Film Review – The Platform
The central allegory of the Spanish film, The Platform (201) is about as subtle as a punch to the face. It is a direct reference to the economic and social imbalance between the wealthy upper classes (that enjoy all the excesses of luxury) and the lower classes (that must scrape for the measly remains for themselves). This is a classic case of the “haves and have-nots.” If you think Parasite (2019) was obvious with its class warfare, this takes it to a whole different level. But maybe that’s what we need in times such as this, where ideology is expressed with the volume of a megaphone.
Galder Gaztelu-Urrutia makes his feature length debut as a director, managing a script by David Desola and Pedro Rivero. We immediately get a sense of the confidence of craftsmanship. The production design and art direction (Azegine Urigoitia) establishes an ingenious use of confined space. We’re brought into a prison unlike any we’ve seen before – a vertical tower encompassing hundreds of floors. Each floor holds two prisoners, and in the middle of each room is a large rectangular hole. Once a day, a platform containing a culinary feast magically descends from the top floor downwards, stopping at each level to allow the prisoners to eat before moving on.
The rules of the prison are established early. Prisoners are only allowed to eat whatever they can in two minutes – if they hide or store food their room will turn blisteringly hot of freezing cold until they get rid of what they have. Every thirty days, sleeping gas is let into the prison. When the prisoners awake, they will find themselves transported to a different level, sometimes with a different inmate. A prisoner may enjoy the comfort of eating whatever they want in the upper floors, only to be on the verge of starvation a month later.
This premise immediately demonstrates the evils of modern society. One could argue that if each prisoner rationed food based only on what they need to survive, enough food should last all the way to the bottom levels. Of course, that is not the case. Gaztelu-Urrutia’s film maintains that each member will act only in their best interest. The added element of switching levels each month also makes it difficult for prisoners to control what they take. If an inmate spends time on the brink of death at the bottom levels and then is brought all the way near the top, trying to convince them to ration their food would be near impossible. The bottom levels rarely see any type of nourishment and must rely on desperate measures to live. Given that this is classified as a sci-fi/horror film, you could imagine what those measures entail.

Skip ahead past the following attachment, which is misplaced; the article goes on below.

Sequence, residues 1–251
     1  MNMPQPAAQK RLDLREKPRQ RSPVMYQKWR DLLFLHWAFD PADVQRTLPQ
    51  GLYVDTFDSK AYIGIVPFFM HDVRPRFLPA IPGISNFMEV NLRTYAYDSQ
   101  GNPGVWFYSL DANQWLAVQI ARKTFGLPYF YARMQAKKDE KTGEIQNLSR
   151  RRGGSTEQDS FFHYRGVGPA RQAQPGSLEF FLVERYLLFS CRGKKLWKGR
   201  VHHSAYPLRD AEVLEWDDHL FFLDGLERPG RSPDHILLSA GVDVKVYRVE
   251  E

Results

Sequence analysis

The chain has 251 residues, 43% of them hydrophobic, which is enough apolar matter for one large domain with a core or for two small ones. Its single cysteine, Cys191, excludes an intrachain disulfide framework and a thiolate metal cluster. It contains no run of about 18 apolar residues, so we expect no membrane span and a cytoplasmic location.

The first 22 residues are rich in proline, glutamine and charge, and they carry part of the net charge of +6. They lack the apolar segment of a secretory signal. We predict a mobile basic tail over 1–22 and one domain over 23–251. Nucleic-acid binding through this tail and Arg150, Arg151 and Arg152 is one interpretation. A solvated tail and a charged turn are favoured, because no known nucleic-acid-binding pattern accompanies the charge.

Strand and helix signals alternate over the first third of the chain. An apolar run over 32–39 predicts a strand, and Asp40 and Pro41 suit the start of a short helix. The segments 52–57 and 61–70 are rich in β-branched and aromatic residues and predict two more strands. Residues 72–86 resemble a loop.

Our protagonist is Goreng (Ivan Massagué), a man who made a grave mistake of volunteering to enter the prison. Goreng believed by doing so, he would be taking a quick respite from his everyday life with the possibility of advancing his social status. Each prisoner is allowed to bring one personal item – many choose weapons, Goreng chooses a book. Reality hits Goreng like a ton of a bricks almost as soon as he enters his first level, and from that point on he must adapt to his environment or become a victim of it. Some of the ways he chooses to survive are brutal and extreme, the acts of which bear down on him physically and psychologically.
I spent a lot of time talking about the “rules” of the prison because the way it was created has a such a unique style. There is no explanation for how the platform moves in mid-air, it is just an accepted condition of this place. Looking up and down the hole, it appears that the prison ascends and descends into oblivion. There is a heaven/hell subtext at play, but how people move up and down the ladder feels arbitrary, like your ability to eat is as random as a role of the dice. The good are not rewarded and the bad are not punished – just how it often is in the real world.
Gaztelu-Urrutia and the rest of the production do not skimp out on the horrific elements. There is a ton of bloodshed here, with the violence taking on a realistic and hard edged quality. The further down we travel, the further into madness we fall. Some of the scarier bits involve characters resigned to the idea of being savages. It’s scary because of how understandable the predicament is. When one’s ability to live another day is called into question, people are capable of doing just about anything. Goreng represents humanity pushed to the very limit. His moral compass starts to shake when he is faced with the decision of either doing what is right or doing what he must to keep going.
Does The Platform offer solutions to the problems of class and distribution of wealth? No. In fact, the last third of the narrative is a little muddled with what it’s trying to say, but maybe that’s the point. If the answers were easy, we probably wouldn’t have films like this to begin with. But the intelligence of what Gaztelu-Urrutia does here – even though it is draped in the viscera of extreme gore – is having the vision to call out these differences in class and showing how the actions of one directly effects the well-being of the other. The best way to fix a problem is to first diagnose what is wrong – and I think that’s The Platform is trying to do.